My copy of Soul Samba (Blue Note 4114, NY USA pressing, 1962) by the underappreciated Ike Quebec is in pretty good shape, though it’s been well-used. The surface noise on the record is like a continuous crackling fire, yet the music is so well recorded (thanks RVG), mastered, and pressed that the distraction seems minor. Quebec’s song selection is top-notch, avoiding all of the over-recorded hits from Rio at the time.
Someone bought the album, let’s say in 1962, when bossa nova was the pre-Beatlemania sound sweeping the planet, for $3.75 (marked down from the 4.98 list) at a shop called Woodard’s (no city given), according to a stamp on the back cover. That is the definition of a bargain. Here we are, 47 years later, and this object still holds all its wonder, wrapped in a typically masterful cover from the Don of album graphic design, Reid Miles.
Today marks the 70th anniversary of the founding of Blue Note Records, perhaps the most revered independent record label in history. (It’s now an imprint of EMI, having been resurrected in 1984 by Bruce Lundvall who, while expanding the boundaries of what a Blue Note artist is, has been doing great work keeping the classic catalog alive.) From their press release:
It took the joining of many natural forces to create and define one of the greatest Jazz labels there has ever been: Jazz-loving German immigrants on the run from Nazism (Alfred Lion & Francis Wolff), a New Jersey optometrist moonlighting as a recording engineer (Rudy Van Gelder), a classical music-loving commercial designer (Reid Miles), and slews of the most incredible musicians that have ever walked the earth (too many to name them all here). The elements that each brought to the table – impeccable A&R instincts, elegant and insightful photography, sterling sound quality, strikingly original cover artwork, and consistently transcendent music – were all essential to the label’s early success. Together they created a vivid Blue Note identity. The whole could not have existed without each of the parts.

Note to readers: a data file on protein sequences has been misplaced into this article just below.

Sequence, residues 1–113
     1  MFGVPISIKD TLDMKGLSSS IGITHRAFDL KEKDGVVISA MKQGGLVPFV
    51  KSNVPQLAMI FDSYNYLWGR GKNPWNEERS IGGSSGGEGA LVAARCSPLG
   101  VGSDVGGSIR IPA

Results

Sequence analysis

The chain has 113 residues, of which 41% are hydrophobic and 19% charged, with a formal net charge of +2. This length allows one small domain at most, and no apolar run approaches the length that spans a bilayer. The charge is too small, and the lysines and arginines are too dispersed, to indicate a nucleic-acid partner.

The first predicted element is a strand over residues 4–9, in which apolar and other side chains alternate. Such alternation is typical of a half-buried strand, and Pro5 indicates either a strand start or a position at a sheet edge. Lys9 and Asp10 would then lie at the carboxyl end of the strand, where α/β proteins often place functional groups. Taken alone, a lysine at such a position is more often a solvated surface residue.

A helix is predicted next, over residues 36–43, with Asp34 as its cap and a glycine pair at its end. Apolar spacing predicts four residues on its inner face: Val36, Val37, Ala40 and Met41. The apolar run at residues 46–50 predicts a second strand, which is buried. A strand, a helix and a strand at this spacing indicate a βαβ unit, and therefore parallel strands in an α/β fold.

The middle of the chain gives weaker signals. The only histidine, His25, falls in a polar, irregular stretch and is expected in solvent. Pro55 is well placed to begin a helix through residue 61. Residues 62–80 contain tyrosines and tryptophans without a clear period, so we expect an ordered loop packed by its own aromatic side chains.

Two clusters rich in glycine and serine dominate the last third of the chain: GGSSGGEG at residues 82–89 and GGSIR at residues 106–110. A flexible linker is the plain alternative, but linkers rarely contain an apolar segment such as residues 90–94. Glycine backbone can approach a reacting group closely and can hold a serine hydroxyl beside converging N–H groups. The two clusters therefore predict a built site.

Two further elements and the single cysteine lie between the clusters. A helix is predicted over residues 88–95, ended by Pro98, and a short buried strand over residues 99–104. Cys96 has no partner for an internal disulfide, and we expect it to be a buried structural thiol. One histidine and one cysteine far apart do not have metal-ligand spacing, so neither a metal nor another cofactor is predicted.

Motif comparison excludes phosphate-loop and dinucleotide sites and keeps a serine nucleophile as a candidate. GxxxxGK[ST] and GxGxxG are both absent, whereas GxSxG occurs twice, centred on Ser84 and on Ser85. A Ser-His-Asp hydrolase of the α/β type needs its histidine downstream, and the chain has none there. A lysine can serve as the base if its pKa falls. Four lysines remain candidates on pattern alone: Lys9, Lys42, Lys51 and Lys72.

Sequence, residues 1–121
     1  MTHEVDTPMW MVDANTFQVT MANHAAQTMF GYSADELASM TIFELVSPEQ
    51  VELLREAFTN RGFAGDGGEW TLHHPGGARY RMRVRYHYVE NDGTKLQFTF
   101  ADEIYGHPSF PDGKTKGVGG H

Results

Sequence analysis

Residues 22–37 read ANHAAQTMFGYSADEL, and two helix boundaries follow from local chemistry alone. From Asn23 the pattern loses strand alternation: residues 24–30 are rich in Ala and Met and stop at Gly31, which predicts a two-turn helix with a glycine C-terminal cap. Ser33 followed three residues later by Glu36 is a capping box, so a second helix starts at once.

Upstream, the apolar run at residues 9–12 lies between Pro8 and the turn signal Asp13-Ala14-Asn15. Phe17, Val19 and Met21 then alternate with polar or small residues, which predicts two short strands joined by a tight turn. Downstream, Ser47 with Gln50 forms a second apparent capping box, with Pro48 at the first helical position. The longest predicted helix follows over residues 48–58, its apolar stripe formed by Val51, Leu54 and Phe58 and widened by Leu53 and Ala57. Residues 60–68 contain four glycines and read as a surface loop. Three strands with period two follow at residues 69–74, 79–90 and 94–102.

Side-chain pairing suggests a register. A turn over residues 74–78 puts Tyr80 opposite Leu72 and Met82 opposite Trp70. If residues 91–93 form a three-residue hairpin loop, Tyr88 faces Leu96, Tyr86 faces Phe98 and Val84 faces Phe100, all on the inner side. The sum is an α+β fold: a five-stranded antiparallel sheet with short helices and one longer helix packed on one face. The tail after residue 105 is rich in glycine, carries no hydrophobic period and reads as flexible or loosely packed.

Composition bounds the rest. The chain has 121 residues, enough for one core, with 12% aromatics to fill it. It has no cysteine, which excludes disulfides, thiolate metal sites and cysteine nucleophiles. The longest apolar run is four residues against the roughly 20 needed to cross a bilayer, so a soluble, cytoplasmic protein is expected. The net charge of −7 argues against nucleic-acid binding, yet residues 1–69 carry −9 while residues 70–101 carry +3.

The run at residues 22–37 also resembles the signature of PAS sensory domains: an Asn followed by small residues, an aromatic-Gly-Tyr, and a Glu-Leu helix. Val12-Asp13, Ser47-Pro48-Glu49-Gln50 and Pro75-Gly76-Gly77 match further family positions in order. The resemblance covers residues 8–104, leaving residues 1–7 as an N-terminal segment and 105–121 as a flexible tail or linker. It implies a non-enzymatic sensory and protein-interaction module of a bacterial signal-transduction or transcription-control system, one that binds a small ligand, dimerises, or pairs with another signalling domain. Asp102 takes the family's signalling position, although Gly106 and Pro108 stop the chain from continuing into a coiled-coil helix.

It definitely was some kind of alchemy that brought all these geniuses together, all committed to the common cause of recording great jazz and making it available to the music lovers at Woodard’s and beyond. It’s a different company these days, no longer a fiesty independent, but the legacy is alive. Happy anniversary to the departed Lion, Wolff, Miles, and to Van Gelder, who is still recording jazz to this day, and to all the amazing artists who did some of their best work for Blue Note.